I agree with ToddG from Pistol Forum that holstering a hammered firearm is indeed safer than holstering a common striker-fired handgun. This is principally because a shooter can “ride the hammer” to ensure it cannot fall during the holstering movement.
Striker-fired guns like Glock, M&P’s, and others on the other hand can easily discharge when they are holstered improperly, either with something catching the trigger or a booger-picker not quite out of the way.
The “Gadget” adds the “hammer-riding” capability to a striker-fired pistol to make it easy for the shooter to holster the weapon and physically tell the striker is being pulled prior to a discharge. (That said, it is much easier to pull a trigger in a downward motion than it is for one to hold the striker in. It may be possible to have the gun go off and a shooter injure their thumb during the discharge).
Color me curious to see how this one will work out.
The Gadget will be available on IndieGoGo for crowdfunding on July 10th, according to ToddG himself. Pricing is expected at $50. GunNuts.net also has an first-peek into the system and how it works on a Glock platform.
Description from Pistol-Forum, where the “Gadget” was announced:
As many of you know, one big advantage of a hammer fired gun is that it allows you to ride the hammer with your thumb as you holster, dramatically reducing the danger of suffering an accidental discharge whether it’s your index finger, some piece of clothing, or part of your kit that gets inside the trigger guard. Downward pressure on the hammer counteracts upward pressure on the trigger, and more importantly any movement of the trigger is immediately felt by your thumb as the hammer starts to move.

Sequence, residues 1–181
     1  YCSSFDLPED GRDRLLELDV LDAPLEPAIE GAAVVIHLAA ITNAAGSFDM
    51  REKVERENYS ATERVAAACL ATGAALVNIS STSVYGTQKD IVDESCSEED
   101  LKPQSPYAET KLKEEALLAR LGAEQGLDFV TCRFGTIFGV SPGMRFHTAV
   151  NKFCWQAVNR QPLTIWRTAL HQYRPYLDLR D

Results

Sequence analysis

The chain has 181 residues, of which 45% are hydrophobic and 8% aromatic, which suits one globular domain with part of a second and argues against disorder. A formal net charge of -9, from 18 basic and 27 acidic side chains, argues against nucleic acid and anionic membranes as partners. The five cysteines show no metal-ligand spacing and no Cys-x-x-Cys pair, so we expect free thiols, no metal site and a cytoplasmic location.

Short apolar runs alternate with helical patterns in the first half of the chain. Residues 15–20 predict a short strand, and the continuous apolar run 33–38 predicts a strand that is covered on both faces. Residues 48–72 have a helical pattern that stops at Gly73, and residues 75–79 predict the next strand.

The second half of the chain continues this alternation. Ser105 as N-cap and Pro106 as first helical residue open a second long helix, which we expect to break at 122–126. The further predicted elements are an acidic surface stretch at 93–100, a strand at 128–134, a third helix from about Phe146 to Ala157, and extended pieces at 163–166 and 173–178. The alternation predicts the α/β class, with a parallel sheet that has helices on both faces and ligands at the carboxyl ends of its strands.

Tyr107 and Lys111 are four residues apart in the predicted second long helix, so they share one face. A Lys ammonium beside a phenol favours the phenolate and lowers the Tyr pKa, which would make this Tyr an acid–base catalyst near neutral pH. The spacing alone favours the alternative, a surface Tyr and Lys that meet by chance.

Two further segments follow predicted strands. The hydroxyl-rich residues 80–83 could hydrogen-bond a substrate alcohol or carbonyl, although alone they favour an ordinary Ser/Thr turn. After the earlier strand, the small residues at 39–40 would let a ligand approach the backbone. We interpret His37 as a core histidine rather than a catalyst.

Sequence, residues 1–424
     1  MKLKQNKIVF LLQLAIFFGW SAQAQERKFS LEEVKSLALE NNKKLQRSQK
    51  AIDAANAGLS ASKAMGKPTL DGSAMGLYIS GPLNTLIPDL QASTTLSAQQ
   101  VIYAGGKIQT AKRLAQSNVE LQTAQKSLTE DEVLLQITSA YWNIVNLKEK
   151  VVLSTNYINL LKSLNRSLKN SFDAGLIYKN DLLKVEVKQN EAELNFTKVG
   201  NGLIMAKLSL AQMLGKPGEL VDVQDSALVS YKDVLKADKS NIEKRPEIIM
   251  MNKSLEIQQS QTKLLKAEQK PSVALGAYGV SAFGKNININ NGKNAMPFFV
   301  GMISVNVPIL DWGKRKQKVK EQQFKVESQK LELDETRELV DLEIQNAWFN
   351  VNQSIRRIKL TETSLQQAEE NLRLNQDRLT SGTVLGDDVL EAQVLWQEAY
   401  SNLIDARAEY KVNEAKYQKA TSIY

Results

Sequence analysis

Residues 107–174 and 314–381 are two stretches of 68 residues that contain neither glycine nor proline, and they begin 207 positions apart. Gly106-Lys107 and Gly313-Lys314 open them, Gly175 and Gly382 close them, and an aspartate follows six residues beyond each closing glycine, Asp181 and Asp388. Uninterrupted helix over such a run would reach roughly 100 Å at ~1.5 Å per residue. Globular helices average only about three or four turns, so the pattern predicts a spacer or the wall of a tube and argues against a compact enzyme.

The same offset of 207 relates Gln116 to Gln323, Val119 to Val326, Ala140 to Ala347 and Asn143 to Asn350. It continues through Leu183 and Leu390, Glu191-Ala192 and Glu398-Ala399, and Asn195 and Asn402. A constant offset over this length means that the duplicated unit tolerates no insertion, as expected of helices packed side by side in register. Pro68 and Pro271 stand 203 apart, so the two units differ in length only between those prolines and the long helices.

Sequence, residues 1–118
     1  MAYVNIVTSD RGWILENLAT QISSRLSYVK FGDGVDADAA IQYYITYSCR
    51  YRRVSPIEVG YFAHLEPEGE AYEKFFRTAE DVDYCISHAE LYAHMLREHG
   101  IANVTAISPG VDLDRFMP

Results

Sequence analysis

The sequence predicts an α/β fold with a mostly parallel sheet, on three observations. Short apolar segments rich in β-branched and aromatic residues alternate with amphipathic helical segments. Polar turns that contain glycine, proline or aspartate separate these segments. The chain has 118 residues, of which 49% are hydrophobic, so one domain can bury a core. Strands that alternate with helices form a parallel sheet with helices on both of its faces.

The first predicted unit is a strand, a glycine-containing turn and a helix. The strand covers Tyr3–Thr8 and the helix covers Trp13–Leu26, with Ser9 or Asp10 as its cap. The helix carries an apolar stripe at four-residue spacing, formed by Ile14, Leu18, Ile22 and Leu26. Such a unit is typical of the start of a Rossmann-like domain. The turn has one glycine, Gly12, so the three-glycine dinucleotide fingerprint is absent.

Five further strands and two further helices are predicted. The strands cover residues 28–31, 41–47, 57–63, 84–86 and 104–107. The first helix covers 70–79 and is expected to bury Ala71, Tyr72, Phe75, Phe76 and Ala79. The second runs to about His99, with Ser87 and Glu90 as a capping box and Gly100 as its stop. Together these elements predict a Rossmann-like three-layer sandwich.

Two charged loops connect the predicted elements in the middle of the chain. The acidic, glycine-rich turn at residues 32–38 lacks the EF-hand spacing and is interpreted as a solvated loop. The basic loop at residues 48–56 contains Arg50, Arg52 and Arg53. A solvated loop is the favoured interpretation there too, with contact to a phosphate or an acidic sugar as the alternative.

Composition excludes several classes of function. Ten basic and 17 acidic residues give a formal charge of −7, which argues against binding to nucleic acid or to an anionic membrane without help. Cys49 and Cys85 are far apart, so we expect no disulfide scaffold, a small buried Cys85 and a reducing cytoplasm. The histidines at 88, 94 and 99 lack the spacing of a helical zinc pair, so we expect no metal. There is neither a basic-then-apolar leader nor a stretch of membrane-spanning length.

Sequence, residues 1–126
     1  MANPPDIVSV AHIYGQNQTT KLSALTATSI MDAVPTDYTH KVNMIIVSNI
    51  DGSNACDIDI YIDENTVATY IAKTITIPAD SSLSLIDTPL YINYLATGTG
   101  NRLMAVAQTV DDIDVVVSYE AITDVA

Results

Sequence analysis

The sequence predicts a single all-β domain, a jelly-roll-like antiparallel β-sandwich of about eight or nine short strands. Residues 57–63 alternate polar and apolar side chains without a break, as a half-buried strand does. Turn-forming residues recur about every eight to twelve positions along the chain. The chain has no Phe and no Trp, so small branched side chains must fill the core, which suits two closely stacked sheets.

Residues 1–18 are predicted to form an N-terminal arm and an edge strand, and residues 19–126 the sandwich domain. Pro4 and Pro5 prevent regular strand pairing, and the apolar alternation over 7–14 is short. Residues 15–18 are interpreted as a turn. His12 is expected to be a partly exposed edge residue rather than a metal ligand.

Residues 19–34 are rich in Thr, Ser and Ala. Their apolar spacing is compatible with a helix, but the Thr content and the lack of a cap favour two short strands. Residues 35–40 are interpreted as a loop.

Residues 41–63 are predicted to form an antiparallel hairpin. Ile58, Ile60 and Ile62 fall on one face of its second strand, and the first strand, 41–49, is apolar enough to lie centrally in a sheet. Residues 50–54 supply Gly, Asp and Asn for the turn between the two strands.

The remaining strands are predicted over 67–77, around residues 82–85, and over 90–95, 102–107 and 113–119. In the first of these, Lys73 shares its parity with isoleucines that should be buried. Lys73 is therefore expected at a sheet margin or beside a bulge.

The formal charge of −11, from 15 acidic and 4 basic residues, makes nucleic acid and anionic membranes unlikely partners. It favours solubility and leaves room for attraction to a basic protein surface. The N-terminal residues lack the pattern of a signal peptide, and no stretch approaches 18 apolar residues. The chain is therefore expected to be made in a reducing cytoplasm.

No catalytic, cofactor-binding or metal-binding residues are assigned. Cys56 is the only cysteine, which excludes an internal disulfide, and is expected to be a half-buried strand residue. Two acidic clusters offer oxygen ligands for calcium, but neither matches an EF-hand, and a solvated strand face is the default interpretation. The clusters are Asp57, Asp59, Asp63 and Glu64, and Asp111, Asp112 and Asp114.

Soon, a similar capability will be coming to striker fired (SFA) guns:
(all intellectual property rights reserved to Tom Jones & Todd Louis Green)
The as-yet-unnamed gadget prevents the striker (and therefore the trigger) from moving when adequate force is applied to the hinged slide plate. Even if excessive force is put on the trigger, the operator gets a tactile “warning” through the slide plate when it begins to press into his thumb.
Another major design consideration was dealing with potential wear or even breakage. The “gadget” actually consists of two slide plates, one static and one hinged. The static plate remains in place even if the hinged part breaks or falls off, retaining the striker just like a standard stock Glock slide plate. All you lose is the added safety while holstering… the pistol continues to function 100% reliably.
While the patent process is in full swing and we’ve begun field testing, we cannot answer too many questions about it yet. We also can’t predict when the gadget will be available commercially. But because Tom and I are both shooting guns with this installed and other field testers will be getting theirs before too long, it seemed appropriate to announce its existence now rather than wait until people started asking about the mysterious moving slide cover plate on our Glocks.